• @petevenuti7355
    @petevenuti7355 Před 25 dny

    When I was working, I was usually in too much of a rush for breakfast they often skip lunch for a few extra dollars, and it was about 2 hours after work before I actually got a chance to eat. Sometimes it was as little as a hot dog if at all, sometimes it was a three-course meal with three servings each course. I'd eat like a tiger once a week!

  • @mellissadalby1402
    @mellissadalby1402 Před 26 dny +11

    Temperature is all about what you are used to, so no worries.
    Just so you know, the song "Hey Joe" was a cover tune for Jimi Hendrix, it was actually written by a guy named Billy Roberts. Just for your gee wiz file.

    • @malcolmhiggins7005
      @malcolmhiggins7005 Před 26 dny

      RESPECT was written by Otis Redding!

    • @uremawifenowdave
      @uremawifenowdave Před 26 dny

      Billy Roberts used to date the folk singer Niela Miller. She had a song called “Baby, Please Don’t Go to Town", which Roberts lifted the chord progression from for “Hey Joe”.

  • @Kustrim3807
    @Kustrim3807 Před 18 dny

    It's a cool format. Personally I kinda like it more than the previous lightning round videos. Not that those were bad but usually I was left wishing for more content on certain lightning round topics (akin to a full length video). So the way of tackling it here, without any prior research fits better for answering multiple questions in one video. And with the option to create a full length video later on that is even better :)

  • @barefootalien
    @barefootalien Před 23 dny

    For anti-gravity turbulence... I think the answer is "no, not really".
    The reason a plane shakes like it does when it hits turbulence is because it's the air that's holding it up.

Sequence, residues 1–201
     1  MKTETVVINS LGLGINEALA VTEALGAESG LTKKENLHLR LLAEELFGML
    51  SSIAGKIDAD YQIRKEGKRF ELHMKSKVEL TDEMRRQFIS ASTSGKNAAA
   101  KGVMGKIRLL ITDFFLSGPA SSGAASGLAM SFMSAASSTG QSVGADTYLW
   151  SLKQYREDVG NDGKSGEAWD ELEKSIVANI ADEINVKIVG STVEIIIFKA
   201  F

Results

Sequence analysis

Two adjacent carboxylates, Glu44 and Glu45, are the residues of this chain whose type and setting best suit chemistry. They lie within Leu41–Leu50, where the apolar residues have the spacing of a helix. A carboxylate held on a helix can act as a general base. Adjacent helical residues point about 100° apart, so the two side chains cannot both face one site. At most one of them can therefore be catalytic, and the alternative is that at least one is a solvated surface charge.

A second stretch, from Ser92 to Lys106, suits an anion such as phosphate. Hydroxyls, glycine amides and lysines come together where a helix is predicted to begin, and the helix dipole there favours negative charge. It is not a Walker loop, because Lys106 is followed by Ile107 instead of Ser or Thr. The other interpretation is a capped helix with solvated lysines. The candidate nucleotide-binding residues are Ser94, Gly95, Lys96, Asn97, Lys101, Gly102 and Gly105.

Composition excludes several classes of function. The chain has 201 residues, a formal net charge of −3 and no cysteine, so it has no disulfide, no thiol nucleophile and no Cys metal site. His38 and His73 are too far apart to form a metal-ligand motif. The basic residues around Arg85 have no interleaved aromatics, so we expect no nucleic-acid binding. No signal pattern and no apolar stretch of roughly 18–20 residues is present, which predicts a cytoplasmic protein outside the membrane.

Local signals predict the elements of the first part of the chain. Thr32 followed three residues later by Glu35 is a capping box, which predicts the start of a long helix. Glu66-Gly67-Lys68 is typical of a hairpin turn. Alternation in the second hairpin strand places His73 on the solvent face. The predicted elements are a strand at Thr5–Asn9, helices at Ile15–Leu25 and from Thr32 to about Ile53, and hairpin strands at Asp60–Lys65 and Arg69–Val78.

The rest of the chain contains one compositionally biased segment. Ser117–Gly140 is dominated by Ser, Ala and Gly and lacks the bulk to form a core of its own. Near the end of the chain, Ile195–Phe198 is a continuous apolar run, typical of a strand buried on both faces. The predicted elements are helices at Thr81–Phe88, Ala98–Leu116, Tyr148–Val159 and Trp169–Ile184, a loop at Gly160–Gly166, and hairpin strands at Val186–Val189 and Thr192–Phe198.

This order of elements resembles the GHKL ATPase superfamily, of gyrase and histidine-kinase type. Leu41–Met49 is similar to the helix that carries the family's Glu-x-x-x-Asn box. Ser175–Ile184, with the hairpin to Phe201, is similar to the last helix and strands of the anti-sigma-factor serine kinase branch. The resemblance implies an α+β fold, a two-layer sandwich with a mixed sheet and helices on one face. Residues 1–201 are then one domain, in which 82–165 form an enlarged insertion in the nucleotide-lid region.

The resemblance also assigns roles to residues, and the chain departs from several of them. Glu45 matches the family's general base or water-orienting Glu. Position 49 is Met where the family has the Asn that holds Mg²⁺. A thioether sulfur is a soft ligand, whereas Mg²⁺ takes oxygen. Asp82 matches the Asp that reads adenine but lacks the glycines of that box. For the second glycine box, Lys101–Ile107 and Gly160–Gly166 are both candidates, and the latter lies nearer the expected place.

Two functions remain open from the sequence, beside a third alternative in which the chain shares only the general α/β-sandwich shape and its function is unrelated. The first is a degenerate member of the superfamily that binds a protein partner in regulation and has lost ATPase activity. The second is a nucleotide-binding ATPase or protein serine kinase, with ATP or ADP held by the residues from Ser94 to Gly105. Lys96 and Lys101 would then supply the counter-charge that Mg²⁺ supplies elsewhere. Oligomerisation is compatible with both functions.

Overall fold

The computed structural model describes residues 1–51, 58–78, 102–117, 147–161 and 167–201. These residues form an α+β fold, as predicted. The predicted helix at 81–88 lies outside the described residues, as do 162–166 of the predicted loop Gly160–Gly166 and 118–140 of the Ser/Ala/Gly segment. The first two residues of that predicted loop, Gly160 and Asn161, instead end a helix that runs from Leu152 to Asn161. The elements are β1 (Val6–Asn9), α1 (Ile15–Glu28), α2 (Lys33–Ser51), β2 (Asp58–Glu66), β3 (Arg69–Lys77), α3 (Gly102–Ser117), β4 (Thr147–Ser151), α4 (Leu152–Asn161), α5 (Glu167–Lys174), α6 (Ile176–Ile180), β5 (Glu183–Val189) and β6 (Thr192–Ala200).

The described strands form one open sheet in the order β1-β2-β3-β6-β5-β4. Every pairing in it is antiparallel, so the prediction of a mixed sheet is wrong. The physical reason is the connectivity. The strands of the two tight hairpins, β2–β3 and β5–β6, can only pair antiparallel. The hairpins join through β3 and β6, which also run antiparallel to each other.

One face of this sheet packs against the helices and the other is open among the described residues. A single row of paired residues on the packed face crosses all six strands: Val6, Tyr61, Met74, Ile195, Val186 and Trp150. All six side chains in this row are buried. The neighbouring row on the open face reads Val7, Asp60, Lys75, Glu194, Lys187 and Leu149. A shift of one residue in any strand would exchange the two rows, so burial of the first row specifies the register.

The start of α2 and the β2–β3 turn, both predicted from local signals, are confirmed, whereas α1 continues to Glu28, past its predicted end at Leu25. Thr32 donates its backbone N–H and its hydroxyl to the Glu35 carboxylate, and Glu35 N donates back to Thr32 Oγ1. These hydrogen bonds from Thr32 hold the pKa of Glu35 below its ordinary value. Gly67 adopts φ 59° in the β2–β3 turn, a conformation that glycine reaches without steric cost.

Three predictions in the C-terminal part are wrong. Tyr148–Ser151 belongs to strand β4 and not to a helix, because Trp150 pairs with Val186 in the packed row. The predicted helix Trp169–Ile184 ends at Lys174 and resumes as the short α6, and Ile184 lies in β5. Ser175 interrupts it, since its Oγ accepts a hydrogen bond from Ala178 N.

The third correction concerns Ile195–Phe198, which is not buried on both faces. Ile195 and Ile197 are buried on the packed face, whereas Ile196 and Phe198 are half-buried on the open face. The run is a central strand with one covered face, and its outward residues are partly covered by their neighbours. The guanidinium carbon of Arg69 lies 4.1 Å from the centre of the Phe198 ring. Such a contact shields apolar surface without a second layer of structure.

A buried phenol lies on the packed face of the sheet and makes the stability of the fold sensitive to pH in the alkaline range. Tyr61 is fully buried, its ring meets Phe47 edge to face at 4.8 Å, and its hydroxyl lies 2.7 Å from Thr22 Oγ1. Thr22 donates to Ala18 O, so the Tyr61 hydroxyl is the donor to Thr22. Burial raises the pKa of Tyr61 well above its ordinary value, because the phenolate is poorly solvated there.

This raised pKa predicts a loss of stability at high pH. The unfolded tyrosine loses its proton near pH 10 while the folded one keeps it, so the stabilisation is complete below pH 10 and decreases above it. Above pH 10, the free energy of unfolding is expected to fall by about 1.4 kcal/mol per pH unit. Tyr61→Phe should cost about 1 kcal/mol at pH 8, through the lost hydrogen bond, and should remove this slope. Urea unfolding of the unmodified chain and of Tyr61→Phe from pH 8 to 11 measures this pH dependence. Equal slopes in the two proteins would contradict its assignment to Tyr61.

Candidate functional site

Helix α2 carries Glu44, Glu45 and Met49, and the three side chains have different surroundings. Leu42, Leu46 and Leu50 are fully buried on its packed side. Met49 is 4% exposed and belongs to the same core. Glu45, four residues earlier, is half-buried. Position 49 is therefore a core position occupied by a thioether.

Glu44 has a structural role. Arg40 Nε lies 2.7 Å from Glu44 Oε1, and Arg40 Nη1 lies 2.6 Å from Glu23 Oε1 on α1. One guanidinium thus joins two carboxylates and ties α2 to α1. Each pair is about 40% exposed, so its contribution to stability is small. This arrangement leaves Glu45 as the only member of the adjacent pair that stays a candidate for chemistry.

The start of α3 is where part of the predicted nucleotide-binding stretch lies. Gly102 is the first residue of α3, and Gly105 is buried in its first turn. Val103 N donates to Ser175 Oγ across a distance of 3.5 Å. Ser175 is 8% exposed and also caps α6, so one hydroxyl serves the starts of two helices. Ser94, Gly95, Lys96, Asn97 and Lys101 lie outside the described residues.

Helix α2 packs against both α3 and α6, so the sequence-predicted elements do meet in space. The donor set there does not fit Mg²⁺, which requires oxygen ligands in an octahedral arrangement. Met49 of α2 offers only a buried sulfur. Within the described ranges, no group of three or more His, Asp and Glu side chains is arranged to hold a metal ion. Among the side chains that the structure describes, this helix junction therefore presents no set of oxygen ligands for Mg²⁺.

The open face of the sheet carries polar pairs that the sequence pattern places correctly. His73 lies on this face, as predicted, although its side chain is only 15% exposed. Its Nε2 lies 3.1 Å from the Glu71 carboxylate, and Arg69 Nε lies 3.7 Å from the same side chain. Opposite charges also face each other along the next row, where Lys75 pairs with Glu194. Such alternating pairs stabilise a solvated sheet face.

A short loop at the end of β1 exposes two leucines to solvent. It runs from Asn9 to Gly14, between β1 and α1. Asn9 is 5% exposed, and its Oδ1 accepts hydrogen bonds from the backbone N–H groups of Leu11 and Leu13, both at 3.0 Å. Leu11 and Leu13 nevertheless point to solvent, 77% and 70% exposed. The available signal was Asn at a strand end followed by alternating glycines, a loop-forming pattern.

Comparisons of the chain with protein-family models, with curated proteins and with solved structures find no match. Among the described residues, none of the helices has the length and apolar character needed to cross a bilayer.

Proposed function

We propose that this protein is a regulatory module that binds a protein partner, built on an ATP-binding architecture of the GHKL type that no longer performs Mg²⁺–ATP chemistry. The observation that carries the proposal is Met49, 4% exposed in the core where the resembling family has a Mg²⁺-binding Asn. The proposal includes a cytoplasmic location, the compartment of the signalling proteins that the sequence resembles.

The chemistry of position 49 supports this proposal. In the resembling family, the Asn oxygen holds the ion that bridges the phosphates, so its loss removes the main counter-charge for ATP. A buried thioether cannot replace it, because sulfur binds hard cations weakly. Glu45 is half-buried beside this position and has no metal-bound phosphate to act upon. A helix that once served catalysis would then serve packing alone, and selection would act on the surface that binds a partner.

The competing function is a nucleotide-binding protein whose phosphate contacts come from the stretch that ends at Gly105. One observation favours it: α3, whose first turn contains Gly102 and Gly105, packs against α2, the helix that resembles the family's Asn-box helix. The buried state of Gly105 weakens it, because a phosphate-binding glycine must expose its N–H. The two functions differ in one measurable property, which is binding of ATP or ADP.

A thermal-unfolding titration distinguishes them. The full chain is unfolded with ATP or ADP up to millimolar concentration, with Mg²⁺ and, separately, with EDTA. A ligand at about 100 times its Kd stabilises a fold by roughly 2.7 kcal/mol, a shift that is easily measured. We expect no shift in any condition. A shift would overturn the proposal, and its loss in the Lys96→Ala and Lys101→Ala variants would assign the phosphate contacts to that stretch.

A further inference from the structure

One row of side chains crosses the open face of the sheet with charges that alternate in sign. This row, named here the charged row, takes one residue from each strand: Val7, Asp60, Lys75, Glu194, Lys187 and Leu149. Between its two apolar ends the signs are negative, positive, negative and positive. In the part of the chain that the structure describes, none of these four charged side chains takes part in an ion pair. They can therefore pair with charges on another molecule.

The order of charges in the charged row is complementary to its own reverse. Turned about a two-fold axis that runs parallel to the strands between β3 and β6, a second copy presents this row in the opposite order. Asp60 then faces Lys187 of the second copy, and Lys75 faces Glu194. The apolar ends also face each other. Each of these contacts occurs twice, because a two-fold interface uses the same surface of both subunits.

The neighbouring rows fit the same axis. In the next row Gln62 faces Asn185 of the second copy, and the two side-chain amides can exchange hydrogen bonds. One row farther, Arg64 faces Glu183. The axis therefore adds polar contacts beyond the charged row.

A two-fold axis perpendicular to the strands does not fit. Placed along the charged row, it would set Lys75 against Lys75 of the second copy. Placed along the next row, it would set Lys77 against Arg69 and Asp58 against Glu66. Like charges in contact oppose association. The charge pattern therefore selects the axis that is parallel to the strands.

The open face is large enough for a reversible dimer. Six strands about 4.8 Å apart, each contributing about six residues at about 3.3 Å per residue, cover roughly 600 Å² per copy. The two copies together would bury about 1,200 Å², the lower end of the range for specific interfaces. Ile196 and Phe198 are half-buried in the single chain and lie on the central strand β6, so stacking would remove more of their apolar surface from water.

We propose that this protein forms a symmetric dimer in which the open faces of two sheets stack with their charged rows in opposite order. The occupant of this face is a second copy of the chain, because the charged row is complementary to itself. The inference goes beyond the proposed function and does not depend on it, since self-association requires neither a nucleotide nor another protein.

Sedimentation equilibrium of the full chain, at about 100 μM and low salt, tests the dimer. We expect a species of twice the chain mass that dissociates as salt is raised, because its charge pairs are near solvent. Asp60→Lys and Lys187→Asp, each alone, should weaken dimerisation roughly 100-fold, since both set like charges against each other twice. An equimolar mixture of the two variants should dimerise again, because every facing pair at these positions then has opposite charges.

For an analogy, consider a sailboat vs. a speedboat, and their interaction with the wind. The sailboat is like an airplane. It has a great big sail that helps it move, but because of that big wind-catching device, a sudden gust of wind can rock it onto its side quite a bit, so we compensate for that by building heavier keels, adjusting the sails when it happens, etc. In a plane, we compensate for that by building the wings and fuselage to be sturdier than the strongest turbulence we expect the plane to ever experience (which is way, _way_ more turbulence than you'll ever experience as a passenger, by the way), and we set procedures like maximum speed during turbulence. We also build planes to fly high enough to simply not encounter it most of the time.
    An anti-gravity aircraft is like the speedboat. Because it's not propelled by the wind, the speedboat doesn't have giant air-interacting features like sails. If anything, they'll be deliberately streamlined and _not_ interact much with the wind at all. A gust does very little to a speedboat. Could you, in theory, feel a gust of wind affecting the side of the boat? Sure. But even less so than you could in your car. It's hardly going to throw you around or anything. An anti-gravity aircraft would be like this. Even what would be heavy turbulence that only cargo planes would ever fly through would probably barely be noticeable, and for the most part, even without active compensation systems, I don't think there'd be much turbulence, no.